Under Capello, only the selfless survive
Why hasn't Michael Owen been called up? Because, like all good strikers, he's too selfish for the new England team.
It happens to every great player. The day they all dread. The inevitable moment you know they are finished as an international footballer.
Bobby Moore’s defensive error against Poland in a World Cup qualifier in 1974. Gary Lineker substituted by Graham Taylor in England’s 2-1 defeat to Sweden in Euro 92. Gazza omitted from Glenn Hoddle’s 1998 World Cup squad. And now Michael Owen dumped by Capello. Darren Bent limps out of England’s training camp and still Fabio Capello won’t call him up. Is this the end of Owen’s England career?
England aren’t exactly blessed with world-class strikers. And Michael Owen is a proven international goalscorer with 40 goals to his name. But you only have to look at Capello’s squad to see how far Owen’s stock has fallen. Wayne Rooney and Emile Heskey are now the manager’s first-choice strikers. Peter Crouch, in my opinion, is more circus act than international footballer, but Capello sees him as cover for Heskey as a lone front man. Theo Walcott and Jermain Defoe would certainly be named in the squad if they were fit.
So where does that leave Owen? Evidently below Carlton Cole, Darren Bent and even Gabriel Agbonlahor in Capello’s pecking order. Ouch! Are Cole, Bent and Agbonlahor international strikers? Hardly. How many goals have they scored between them for England? Zero. Or put it another way: if an England striker was through on goal in the ninetieth minute of a crucial World Cup game, who would you want it to be? Darren Bent? Carlton Cole? Gabriel Agbonlahor? Or Michael Owen? It’s a no-brainer really. But all three currently get the nod over Owen. ‘I have to choose the players to play against Ukraine, not against history’, Capello explained. Many interpreted that to mean that Owen himself was history.
So, where did it all go wrong for England’s top striker? Ian Wright thinks that Owen’s England career ‘is in danger of ending with a whimper’ and he blames the gee gees. ‘His career is going down the pan and it’s upsetting me,’ wrote Wrighty in his Sun column. ‘His attitude seems to be all wrong. He has got to realise there is still time enough for him to go out with a bang for England… Michael has got the rest of his life to concentrate on horse racing — something which we all know he loves — but football should surely be his priority.’ (1)
The Times‘ football correspondent Oliver Kay dismisses Wright’s explanation as ‘nonsense’. Writing in his football blog, Kay says: ‘Wright, whatever his talent as a footballer, has proved himself to be a less than perceptive and objective observer in his subsequent career as a television and newspaper pundit. I agree that Owen’s career is spiralling away from him, but to ascribe that to his love of horseracing is bizarre.’ (2) Kay’s alternative and more prosaic explanation is that Owen is not in contention because he is not fully fit. ‘Since suffering an ankle injury in Newcastle United’s match against Manchester City on January 28, Owen has played 98 minutes of football’, observes Kay.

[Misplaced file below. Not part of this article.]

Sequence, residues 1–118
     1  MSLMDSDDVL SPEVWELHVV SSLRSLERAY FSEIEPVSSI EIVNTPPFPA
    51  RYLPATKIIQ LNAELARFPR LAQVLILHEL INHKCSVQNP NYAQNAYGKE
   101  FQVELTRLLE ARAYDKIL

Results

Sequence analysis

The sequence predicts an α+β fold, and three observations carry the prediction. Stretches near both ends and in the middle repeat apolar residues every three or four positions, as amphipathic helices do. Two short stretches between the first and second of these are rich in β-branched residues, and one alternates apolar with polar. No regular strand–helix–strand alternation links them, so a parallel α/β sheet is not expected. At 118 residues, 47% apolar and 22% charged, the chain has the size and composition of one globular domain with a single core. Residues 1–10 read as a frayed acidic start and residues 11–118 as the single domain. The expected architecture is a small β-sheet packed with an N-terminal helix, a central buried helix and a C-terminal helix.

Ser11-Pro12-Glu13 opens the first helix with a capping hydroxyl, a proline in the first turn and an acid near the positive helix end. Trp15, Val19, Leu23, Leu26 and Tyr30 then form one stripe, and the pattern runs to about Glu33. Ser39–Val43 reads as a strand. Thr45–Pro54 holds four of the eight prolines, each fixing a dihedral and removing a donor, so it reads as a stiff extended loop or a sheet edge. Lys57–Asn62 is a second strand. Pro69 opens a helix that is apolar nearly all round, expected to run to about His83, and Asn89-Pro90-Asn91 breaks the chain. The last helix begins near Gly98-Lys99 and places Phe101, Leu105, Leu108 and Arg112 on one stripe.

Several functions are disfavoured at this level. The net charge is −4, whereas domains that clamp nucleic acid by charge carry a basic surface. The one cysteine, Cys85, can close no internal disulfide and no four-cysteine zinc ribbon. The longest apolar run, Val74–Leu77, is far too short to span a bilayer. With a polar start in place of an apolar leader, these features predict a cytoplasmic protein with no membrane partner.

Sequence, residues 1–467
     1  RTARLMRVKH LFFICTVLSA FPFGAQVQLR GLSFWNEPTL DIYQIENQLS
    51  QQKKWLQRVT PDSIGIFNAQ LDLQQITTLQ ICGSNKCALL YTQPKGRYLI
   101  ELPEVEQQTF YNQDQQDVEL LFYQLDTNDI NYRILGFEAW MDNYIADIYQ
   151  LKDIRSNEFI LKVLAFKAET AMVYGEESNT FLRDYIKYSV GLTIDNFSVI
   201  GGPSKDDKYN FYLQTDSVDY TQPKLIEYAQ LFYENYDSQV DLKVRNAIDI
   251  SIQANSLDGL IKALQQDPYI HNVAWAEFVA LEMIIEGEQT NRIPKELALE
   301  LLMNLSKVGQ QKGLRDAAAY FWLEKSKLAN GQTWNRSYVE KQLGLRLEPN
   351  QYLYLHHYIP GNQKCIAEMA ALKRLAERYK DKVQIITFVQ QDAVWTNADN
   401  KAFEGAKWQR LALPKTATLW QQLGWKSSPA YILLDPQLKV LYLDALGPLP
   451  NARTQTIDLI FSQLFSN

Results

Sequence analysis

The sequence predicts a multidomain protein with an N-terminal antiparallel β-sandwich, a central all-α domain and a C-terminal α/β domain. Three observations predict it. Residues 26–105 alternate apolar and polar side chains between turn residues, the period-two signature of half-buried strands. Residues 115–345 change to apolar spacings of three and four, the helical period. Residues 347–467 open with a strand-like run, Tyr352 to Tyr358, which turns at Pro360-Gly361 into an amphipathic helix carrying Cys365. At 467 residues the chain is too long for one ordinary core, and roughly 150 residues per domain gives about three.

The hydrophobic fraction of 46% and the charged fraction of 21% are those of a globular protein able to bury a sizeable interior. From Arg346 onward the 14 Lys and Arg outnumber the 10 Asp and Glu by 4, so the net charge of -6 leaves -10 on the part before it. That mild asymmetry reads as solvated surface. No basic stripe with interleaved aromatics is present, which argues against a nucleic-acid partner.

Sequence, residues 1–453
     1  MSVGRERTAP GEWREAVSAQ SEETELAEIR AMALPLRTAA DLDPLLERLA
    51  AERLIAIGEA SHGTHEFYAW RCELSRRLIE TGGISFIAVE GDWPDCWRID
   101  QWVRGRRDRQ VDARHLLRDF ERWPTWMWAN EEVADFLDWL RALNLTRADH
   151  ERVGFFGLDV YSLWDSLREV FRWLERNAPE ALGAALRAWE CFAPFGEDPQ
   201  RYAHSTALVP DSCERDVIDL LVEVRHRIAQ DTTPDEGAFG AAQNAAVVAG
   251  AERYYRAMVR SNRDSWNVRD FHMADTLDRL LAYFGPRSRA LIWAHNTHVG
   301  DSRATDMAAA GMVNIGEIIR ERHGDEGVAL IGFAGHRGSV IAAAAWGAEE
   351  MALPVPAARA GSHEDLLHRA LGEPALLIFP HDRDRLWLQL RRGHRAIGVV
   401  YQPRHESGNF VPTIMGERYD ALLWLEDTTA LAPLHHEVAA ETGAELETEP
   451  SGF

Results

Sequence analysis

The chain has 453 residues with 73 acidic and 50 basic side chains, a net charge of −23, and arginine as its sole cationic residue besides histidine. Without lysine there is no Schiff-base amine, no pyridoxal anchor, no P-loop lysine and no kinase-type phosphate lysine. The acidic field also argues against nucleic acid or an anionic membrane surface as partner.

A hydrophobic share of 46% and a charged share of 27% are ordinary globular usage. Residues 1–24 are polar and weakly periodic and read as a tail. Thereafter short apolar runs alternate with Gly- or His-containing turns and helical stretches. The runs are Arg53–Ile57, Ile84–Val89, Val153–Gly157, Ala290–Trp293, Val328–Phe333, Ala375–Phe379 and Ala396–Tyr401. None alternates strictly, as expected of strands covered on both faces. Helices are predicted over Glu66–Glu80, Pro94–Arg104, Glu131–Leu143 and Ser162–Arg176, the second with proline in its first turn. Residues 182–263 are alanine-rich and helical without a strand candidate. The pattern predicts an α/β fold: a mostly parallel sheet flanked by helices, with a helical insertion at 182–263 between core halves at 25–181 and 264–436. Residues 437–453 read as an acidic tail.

Capello himself has insisted that the door is still open for Owen if he can regain fitness and form. ‘I know about the debate with Owen but I am focused on Wednesday’s game, not players who are not here’, the coach explained. ‘But if you look back, in every interview I have done, I have always said the door is open to every player. The same is true for him.’ Perhaps Capello is laying down the gauntlet to Owen; challenging him to demonstrate the same hunger and dedication that David Beckham has shown in his bid to remain in international contention. Or maybe he’s just too polite to say what he really thinks: That Owen’s a busted flush. That he’s too injury prone and no longer has the pace to terrorise defenders any more. Too crocked too often.
It doesn’t augur well for Owen that when he was fit and scoring goals for Newcastle last year he was still overlooked by Capello for England’s World Cup qualifiers. Even if Owen regains his fitness it seems he will only ever be a bit-part player under Capello. Why? It’s not simply about his fitness and form. It’s also about the way he plays. Owen performs best in an orthodox 4-4-2 formation alongside a big target man. There is, however, a big question mark over whether he can adapt his game to the more fluid 4-3-2-1 system which Capello prefers.
Against Slovakia, Gerrard and Rooney played behind the lone striker, often interchanging positions. To make this system work the two withdrawn strikers must have good movement and make intelligent runs; not just running towards goal but also running to create space. Owen isn’t that type of player. Can he adapt his game to suit Capello’s system? The suspicion is that he can’t. In a Times podcast the paper’s football editor, Tony Evans, said he thought that Capello ‘doesn’t fancy’ Owen because he sees him as ‘another player you have to build the team around’.
Frank Lampard recently explained the team ethic that Capello has instilled. ‘To play as a team and a group, you need to have humility and be selfless’, said Lampard. ‘You need to work for your mate next to you, to play out of position if that’s what is required.’ It’s a well-worn football cliché that all good strikers have to be selfish. Michael Owen’s problem is that, under Capello, only the selfless survive.
Duleep Allirajah is spiked’s sports columnist.
(1) Owen’s attitude is all wrong, Sun, 31 March 2009
(2) Capello is right: Owen is not fit for country, The Times, 31 March 2009
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